As Baltimore experiences a record boom in luxury apartment development with close to 14,000 new units over a decade, a market expert said some could convert to condominiums in the coming years.
"A lot of them are being built that way, as condos," said Ryan Grimes, senior vice president at All Risks Ltd., a Hunt Valley insurance firm that has a partial focus on real estate risk assessment. He spoke Thursday at a forum at Hayfields Country Club sponsored by KatzAbosch.
Grimes said the "luxury apartment game" seen locally is part of an ongoing development trend across the U.S. that has created a glut of units. In turn, some developments are being sold to new investors who then retool the projects into for-sale, market-rate dwellings.
"It is being duplicated all across the country," he said. "That’s going to happen. We’re doing that type of a deal now."
Grimes said several multi-family development projects in certain U.S. regions including Maryland are "being built and spec’d out as condos." He cited amenities added to the developments like rooftop infinity pools, dog parks, gyms and large social areas that include kitchens and grilling stations as a stage-setter for future condo conversion.
"The [for-sale] market is not there now because the buying cycle is off," Grimes said, adding that millennials who are renters today are saddled with college debt and not yet prepared to commit to a mortgage.
The large supply of luxury apartments in Baltimore has created a bubble, some developers have said over the past five months. In response, several developments are offering rental discounts that include up to three months of free rent. One was even offering the perk of a cruise.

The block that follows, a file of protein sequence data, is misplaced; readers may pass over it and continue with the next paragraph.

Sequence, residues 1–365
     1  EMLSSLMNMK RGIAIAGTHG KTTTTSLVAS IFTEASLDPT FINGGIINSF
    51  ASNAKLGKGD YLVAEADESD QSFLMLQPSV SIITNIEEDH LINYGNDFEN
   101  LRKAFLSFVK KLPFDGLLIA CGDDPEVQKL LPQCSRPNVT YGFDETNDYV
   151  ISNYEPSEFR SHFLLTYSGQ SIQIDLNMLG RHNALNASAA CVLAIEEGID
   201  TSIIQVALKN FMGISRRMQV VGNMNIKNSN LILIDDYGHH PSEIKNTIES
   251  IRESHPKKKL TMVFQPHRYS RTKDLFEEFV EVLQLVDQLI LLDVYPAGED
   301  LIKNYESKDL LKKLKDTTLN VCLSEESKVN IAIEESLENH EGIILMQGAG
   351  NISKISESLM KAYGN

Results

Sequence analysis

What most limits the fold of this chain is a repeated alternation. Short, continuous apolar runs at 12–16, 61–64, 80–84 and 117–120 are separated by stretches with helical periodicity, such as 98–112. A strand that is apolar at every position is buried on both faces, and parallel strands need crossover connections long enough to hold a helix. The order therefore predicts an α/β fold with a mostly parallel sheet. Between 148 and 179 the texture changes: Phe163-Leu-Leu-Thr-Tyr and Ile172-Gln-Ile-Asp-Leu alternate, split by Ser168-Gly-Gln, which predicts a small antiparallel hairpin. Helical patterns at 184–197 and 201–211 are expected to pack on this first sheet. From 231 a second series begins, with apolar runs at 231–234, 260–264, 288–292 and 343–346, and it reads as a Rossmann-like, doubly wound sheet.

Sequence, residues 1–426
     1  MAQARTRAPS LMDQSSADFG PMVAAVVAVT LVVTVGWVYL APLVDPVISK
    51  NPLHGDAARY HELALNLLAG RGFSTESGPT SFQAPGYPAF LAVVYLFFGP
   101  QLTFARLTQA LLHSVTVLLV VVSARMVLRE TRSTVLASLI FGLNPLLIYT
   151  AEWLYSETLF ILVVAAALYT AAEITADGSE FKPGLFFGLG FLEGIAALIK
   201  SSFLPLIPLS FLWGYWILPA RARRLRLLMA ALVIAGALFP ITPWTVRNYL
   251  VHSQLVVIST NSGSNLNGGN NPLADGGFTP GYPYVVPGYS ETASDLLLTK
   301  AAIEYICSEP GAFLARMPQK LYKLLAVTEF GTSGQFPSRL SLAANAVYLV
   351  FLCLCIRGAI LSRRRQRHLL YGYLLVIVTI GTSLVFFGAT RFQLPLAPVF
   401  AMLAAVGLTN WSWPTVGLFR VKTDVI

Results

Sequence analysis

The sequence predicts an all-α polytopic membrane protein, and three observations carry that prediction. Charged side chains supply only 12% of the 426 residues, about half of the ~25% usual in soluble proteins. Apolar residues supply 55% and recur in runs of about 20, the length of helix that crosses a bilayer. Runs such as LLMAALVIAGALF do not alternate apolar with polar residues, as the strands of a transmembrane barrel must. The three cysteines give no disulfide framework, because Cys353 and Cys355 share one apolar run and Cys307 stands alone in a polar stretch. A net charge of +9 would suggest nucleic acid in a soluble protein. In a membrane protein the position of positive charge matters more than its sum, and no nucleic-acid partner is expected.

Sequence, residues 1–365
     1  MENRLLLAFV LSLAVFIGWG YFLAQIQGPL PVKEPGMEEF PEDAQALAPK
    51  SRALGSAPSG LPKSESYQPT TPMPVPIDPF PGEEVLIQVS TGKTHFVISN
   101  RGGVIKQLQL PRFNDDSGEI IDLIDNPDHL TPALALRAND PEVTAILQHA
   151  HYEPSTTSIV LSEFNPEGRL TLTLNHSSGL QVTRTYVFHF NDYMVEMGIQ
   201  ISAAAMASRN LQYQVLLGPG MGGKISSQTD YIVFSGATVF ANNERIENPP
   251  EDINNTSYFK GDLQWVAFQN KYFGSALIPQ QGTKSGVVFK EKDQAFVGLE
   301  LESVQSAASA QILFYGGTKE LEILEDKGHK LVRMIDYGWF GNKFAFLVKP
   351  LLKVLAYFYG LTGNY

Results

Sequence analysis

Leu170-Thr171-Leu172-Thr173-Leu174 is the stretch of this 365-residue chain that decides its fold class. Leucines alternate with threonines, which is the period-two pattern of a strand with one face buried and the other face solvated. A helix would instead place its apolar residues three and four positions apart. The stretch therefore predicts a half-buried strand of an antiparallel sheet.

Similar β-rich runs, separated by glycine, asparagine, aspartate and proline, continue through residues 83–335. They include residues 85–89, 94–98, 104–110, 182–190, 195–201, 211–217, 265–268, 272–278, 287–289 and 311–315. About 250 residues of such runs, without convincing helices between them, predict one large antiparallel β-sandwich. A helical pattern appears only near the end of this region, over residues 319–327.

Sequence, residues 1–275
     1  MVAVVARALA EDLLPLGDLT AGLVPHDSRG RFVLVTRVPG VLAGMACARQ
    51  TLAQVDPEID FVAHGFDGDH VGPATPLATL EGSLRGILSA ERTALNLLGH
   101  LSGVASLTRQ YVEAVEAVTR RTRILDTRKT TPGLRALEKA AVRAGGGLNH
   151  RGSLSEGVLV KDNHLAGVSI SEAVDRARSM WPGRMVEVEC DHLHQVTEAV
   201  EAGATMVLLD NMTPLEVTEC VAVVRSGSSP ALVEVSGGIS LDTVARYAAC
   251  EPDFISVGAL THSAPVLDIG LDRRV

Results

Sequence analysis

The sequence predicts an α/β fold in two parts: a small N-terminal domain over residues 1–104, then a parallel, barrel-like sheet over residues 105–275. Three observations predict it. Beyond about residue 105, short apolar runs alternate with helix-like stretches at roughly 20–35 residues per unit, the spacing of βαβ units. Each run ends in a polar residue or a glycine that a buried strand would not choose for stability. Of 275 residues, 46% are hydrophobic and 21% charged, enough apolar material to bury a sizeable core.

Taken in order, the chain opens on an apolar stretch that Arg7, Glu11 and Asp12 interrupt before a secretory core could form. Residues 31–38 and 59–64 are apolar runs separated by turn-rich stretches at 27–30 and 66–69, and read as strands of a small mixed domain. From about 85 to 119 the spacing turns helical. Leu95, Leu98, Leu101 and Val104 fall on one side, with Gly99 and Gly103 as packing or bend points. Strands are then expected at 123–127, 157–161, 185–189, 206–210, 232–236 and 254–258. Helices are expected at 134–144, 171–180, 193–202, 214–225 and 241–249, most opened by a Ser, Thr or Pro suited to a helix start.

Still, two prominent developers said Thursday they had no plans to convert their projects to condos.
Stephen Gorn, CEO of Questar Properties and owner of 414 Light where 394 ultra-luxury apartment units are set to open in the coming six months, said the $170 million 44-story glass tower now being completed would not convert to condos.
"We do not have any intention nor do we expect to convert our building to condominiums,” Gorn said, of the project where rents will range from around $1,800 to $8,000 a month for a penthouse.
Toby Bozzuto, president of The Bozzuto Group, said Thursday that the 282-unit Liberty Harbor East on the waterfront would also not convert to condos. The development has 35 condos included, he said.
"It’s not a conversation we’re having," Bozzuto said. "Our projects are so big with 300 and 325 units that they are designed better than condos. Their intention is to be rental."
Bozzuto said investors in large multi-family projects have institutional equity that is "not set up to support condos." Bozzuto, he said, had rental and for-sale products including Alta 47 in Locust Point, a 47-unit townhome project that has sold 43 dwellings to date.
Nearby, the new Anthem House development is 85 percent leased and a companion project, Anthem House II, is preparing to open this summer across the street with 54 additional apartments.
Both projects are part of Baltimore’s apartment development that has been red hot for five years.
In the coming year, Baltimore is expected to add at least another 1,400 luxury rental units to the landscape. They include the 394 units at 414 Light St. and 346 new units at 225 N. Calvert St, a former office building that was gutted and rebuilt into a multi-family project by Monument Realty.
On the horizon is the Liberty Harbor East development and the first units in a massive redevelopment of West Baltimore near the University of Maryland BioPark. A $50 million redevelopment of the ultra-modern former PNC Bank office building at 2 Hopkins Plaza is now leasing 183 apartments.
At Harbor Point, the 17-story 1405 Point just opened with 289 apartment units. Under construction in Little Italy is a 380-unit tower by AvalonBay Communities at the former Della Notte site.